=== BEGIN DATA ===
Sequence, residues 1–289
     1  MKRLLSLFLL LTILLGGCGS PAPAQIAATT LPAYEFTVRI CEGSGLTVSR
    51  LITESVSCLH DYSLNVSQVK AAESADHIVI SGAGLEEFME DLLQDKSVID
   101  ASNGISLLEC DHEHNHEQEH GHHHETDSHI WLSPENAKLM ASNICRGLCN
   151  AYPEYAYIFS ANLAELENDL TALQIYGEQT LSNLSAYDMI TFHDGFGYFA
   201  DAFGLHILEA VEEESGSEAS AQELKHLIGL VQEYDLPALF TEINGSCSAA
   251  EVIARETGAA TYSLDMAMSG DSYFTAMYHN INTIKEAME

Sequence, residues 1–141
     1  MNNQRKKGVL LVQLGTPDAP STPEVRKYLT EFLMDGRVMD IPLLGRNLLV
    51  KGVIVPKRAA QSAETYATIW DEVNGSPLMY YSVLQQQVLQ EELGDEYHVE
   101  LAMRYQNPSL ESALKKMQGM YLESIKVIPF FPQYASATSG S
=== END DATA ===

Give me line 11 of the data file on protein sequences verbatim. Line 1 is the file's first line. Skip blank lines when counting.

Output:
   101  LAMRYQNPSL ESALKKMQGM YLESIKVIPF FPQYASATSG S